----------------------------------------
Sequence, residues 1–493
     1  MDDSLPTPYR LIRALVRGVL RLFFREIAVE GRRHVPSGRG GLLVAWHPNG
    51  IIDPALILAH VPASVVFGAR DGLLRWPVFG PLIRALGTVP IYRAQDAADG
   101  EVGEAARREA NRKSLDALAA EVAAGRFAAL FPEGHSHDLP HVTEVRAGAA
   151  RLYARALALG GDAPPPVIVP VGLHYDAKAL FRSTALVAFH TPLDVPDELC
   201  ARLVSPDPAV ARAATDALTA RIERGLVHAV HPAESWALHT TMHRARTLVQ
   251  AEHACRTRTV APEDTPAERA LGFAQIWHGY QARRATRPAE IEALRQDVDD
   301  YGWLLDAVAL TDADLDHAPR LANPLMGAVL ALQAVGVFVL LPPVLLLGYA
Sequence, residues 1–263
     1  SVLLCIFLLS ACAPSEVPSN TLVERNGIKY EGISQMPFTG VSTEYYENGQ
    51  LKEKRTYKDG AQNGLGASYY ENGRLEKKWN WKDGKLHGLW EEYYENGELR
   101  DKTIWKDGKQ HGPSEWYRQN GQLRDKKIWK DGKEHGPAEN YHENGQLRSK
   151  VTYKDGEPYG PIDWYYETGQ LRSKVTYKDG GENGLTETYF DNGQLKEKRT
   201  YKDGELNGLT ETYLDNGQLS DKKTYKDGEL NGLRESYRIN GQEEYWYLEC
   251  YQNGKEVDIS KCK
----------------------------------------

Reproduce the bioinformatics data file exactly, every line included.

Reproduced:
Sequence, residues 1–493
     1  MDDSLPTPYR LIRALVRGVL RLFFREIAVE GRRHVPSGRG GLLVAWHPNG
    51  IIDPALILAH VPASVVFGAR DGLLRWPVFG PLIRALGTVP IYRAQDAADG
   101  EVGEAARREA NRKSLDALAA EVAAGRFAAL FPEGHSHDLP HVTEVRAGAA
   151  RLYARALALG GDAPPPVIVP VGLHYDAKAL FRSTALVAFH TPLDVPDELC
   201  ARLVSPDPAV ARAATDALTA RIERGLVHAV HPAESWALHT TMHRARTLVQ
   251  AEHACRTRTV APEDTPAERA LGFAQIWHGY QARRATRPAE IEALRQDVDD
   301  YGWLLDAVAL TDADLDHAPR LANPLMGAVL ALQAVGVFVL LPPVLLLGYA
Sequence, residues 1–263
     1  SVLLCIFLLS ACAPSEVPSN TLVERNGIKY EGISQMPFTG VSTEYYENGQ
    51  LKEKRTYKDG AQNGLGASYY ENGRLEKKWN WKDGKLHGLW EEYYENGELR
   101  DKTIWKDGKQ HGPSEWYRQN GQLRDKKIWK DGKEHGPAEN YHENGQLRSK
   151  VTYKDGEPYG PIDWYYETGQ LRSKVTYKDG GENGLTETYF DNGQLKEKRT
   201  YKDGELNGLT ETYLDNGQLS DKKTYKDGEL NGLRESYRIN GQEEYWYLEC
   251  YQNGKEVDIS KCK